*Sniff* Ah, that new funnel smell!
There’s nothing more exciting than a fresh new funnel!
But it’s not a toy. It’s a tool. One that has to be sharpened and honed. Once a funnel is live, this is just the beginning of testing, tweaking, and optimizing.
The testing phase helps you identify offer speed bumps, poor creativity, and weak messaging. To do that, you need eyeballs!
But First, The Traffic
The most effective way to test your funnel is to send as many eyeballs to your offer as possible. You need people to click, view, and potentially purchase your offer. If they don’t, you’ll have the opportunity to figure out why based on the metrics we’ll cover today.
If you have enough of an organic following or access to warm traffic to drive at least 100 leads, then congrats, you can run your test without paid ads! If not, let’s throw a little money at Zuck and see what kind of results we can get.
We’ll learn how well everything converts and monitor a few key KPIs (Key Performance Indicators). KPIs tell you how well the funnel is performing.
More importantly, it reveals how each customer moves through your sales funnel. How far did they get? What actions did they take? How long did they stay? These are all indications of the strength of each step along your customer journey.
Top Traffic Tips:
Be Mindful of Where Your Traffic Originates From
Avoid sending traffic from someone else’s audience to your offer. They may click and even view, but they may not be a strong fit, rendering all of your KPIs skewed at best and useless at worst.
Keep In Mind That Your New Funnel Is Not A Final Draft
Even if the initial traffic converts, you will always be tweaking your funnel in one way or another. It’s just a fact. As you go through the testing phases, you will think of new tweaks you didn’t think of before, better creative, or new guarantees.
Test Your Offer
Start promoting the first offer that triggers the first set of emails. To truly test the strength of your offer, you need enough converting traffic to accurately measure the KPIs.
I like to suggest that my clients aim for 100 new leads in a lead magnet funnel and 200-300 new leads in a webinar funnel.
Top Offer Tips
Make sure you have ample time in your schedule to promote the offer. Let’s face it; it could be months before the right amount of data is collected. The last thing you need is to delay a potential launch or paid ad implementation.
Make the right offer based on the current state of your traffic. There are three essential phases of every funnel:
If the audience is cold or paid, they will start at the top with awareness, and it may take time to get them warmed up to the consideration phase or acquisition phase. A warm audience will start in the middle at consideration and will more easily move to acquisition. Make the offer that suits where the majority of the traffic will be.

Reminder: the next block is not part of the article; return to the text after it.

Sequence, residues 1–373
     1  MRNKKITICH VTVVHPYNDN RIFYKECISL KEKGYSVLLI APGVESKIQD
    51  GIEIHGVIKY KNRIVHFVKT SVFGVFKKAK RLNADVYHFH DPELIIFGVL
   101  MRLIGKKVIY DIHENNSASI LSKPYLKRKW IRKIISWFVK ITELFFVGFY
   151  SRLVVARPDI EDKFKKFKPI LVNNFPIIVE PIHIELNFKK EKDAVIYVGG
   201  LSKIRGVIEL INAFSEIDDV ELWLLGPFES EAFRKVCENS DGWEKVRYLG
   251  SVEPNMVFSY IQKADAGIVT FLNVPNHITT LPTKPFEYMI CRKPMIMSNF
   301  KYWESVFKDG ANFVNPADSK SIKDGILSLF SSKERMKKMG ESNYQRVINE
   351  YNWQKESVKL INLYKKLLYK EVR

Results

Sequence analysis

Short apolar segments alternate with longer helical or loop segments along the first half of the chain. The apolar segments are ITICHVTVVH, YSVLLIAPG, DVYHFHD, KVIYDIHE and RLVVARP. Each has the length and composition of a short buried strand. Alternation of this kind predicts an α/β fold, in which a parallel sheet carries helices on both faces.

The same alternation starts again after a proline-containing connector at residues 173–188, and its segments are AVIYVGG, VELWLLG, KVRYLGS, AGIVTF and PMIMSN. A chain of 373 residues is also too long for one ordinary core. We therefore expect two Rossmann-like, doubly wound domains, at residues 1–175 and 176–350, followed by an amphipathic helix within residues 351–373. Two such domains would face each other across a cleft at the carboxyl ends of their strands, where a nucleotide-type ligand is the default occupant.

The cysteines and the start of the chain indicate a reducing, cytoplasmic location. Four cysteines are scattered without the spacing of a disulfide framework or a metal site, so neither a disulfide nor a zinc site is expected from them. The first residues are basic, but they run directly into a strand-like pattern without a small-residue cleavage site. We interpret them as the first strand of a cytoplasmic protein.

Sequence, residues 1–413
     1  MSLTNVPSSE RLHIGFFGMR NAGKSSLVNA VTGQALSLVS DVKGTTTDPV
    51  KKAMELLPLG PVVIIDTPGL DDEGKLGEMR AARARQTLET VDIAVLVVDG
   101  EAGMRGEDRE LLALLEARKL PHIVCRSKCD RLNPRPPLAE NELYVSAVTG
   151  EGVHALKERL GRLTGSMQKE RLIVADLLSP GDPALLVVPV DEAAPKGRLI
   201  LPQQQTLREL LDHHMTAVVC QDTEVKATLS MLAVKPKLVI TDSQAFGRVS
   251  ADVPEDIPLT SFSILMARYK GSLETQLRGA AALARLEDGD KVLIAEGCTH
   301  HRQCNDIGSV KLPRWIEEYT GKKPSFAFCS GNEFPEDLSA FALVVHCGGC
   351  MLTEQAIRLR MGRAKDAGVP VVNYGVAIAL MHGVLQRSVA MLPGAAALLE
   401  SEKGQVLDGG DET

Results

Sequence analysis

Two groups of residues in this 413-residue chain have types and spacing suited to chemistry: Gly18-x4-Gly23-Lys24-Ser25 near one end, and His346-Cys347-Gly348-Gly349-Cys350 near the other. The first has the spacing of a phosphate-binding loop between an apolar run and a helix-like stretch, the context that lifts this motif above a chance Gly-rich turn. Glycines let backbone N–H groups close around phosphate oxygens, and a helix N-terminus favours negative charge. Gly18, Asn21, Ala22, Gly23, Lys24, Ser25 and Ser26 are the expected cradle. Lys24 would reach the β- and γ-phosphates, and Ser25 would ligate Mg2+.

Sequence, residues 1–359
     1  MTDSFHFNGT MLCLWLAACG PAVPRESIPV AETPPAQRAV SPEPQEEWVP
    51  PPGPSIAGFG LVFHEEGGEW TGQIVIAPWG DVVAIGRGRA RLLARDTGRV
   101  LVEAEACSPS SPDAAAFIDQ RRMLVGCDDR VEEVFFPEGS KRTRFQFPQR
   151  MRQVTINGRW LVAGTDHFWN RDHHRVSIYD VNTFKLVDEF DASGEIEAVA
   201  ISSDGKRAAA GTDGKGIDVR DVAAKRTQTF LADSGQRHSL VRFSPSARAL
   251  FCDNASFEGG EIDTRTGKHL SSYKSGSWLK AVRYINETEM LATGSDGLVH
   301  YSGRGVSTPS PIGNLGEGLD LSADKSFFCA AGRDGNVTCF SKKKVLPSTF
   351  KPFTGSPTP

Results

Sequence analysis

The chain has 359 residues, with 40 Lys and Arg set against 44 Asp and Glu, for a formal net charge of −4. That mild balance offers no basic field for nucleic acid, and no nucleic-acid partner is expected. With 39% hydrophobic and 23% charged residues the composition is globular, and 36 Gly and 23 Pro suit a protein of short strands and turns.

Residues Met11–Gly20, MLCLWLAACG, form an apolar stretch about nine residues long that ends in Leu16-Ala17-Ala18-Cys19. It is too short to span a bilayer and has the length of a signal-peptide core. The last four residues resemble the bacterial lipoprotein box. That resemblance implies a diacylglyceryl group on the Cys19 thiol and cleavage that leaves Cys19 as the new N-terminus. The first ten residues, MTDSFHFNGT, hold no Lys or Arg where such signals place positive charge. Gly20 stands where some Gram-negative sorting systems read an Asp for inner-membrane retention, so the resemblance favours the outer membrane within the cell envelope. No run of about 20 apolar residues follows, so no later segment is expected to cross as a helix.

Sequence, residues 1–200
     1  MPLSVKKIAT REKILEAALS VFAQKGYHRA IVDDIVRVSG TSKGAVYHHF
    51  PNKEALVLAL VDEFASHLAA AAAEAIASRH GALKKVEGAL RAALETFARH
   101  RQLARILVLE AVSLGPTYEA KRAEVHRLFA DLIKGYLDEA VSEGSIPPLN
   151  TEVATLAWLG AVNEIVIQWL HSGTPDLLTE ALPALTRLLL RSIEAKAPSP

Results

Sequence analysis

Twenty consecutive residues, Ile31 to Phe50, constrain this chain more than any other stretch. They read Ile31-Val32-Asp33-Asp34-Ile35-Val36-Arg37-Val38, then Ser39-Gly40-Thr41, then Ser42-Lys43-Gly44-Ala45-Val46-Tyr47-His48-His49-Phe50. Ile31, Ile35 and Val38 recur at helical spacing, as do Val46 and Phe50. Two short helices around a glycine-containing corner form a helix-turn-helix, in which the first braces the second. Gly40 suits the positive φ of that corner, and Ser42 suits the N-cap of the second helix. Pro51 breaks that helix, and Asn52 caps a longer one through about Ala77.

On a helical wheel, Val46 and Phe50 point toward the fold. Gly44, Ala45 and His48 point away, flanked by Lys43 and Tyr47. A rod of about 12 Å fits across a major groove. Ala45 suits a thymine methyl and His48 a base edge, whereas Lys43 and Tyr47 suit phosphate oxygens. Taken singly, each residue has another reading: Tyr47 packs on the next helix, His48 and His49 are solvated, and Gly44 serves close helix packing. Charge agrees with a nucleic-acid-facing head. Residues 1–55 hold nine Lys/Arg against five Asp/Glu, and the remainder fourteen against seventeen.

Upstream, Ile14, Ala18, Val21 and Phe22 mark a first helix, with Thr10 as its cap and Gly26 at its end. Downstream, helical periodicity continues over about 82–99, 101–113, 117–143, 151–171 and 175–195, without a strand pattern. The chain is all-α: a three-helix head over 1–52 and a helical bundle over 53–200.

Once you have enough leads that have moved all the way through your funnel, it’s time to check those KPIs.
Landing Page CVRs (Conversion Rates)
This is the number of people who completed the call to action on the landing page. Usually, this is a registration, gated content collecting emails, an appointment, or a video.
Divide the number of completed actions by the total number of visitors to get your Landing Page CVRs. For example, 100 landing page views with 15 leads or actions is a 15% conversion rate for that landing page.
Email Open Rates
Email open rates are the number of people who received the email VS the number of people who opened it. This tells you if your subject lines are connecting with the recipients. If you sent 100 emails and only two people opened them, that’s a 2% open rate.
Email CTR (Click Through Rate)
Email CTRs represent the number of people that performed an action within the email. This could be a link, a booked call, another page view, or registration.
If 100 people opened your email and ten people took action, that’s a 10% email CTR. This number indicates if the body of your emails is performing satisfactorily.
Sales Page CVRs (Conversion Rates)
A sales page is designed to drive sales and get traffic to cash out on the page. The conversion rate indicates how many people stopped by VS how many people made a purchase.
The same rules apply in calculating your rates. If 100 people visit and ten people buy, that’s a 10% conversion rate. A low conversion rate indicates there’s work to do on the sales page with either the offer, the creative, the price, the social proof, the guarantees, or the traffic wasn’t quite right.
Top KPI Tips
Numbers Are Information Not Scary
If you’re seeing poor KPIs, don’t freak out! Remember the “always tweaking and optimizing?” That’s what you need to do next.
Check every step along the funnel, from email subject headlines and landing page headlines to page copy and creative. The KPI data will tell you where the speedbumps are.
Don’t Tweak More Than One Thing At A Time
If your sales page conversions are low, don’t change everything all at once. If visitors leave right away, that shows you’re not hitting the right note with the headline, offer, or VSL. If they browse the sales page for a while but don’t check out, it’s time to dig deeper into messaging, creative, call to action, etc. Always only test one element at a time.
Stuck On Your Funnel?
As always, you can message me and set up a 1:1 funnel audit to see where your speed bumps are and what I think you should do about it. Book with me here >>>
Keep testing and keep launching!
I’m cheering you on!